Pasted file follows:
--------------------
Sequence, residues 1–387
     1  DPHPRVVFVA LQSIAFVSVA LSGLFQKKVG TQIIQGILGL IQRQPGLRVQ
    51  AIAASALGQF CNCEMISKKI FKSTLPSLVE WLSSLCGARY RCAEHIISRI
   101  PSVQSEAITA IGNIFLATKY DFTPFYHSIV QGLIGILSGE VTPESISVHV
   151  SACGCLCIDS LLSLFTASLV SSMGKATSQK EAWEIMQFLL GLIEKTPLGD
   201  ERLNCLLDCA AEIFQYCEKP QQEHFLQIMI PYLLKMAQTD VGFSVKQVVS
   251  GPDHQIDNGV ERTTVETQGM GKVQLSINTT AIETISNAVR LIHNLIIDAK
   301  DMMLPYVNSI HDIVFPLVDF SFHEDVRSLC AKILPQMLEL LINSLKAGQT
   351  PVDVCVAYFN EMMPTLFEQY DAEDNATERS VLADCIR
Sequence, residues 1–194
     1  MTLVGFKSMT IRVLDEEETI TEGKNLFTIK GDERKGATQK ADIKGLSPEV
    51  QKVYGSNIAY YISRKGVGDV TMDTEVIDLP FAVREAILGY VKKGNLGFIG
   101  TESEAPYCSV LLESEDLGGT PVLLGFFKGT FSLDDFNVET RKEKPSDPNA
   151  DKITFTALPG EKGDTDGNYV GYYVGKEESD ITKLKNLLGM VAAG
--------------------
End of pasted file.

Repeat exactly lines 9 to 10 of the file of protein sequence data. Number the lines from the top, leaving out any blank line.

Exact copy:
   351  PVDVCVAYFN EMMPTLFEQY DAEDNATERS VLADCIR
Sequence, residues 1–194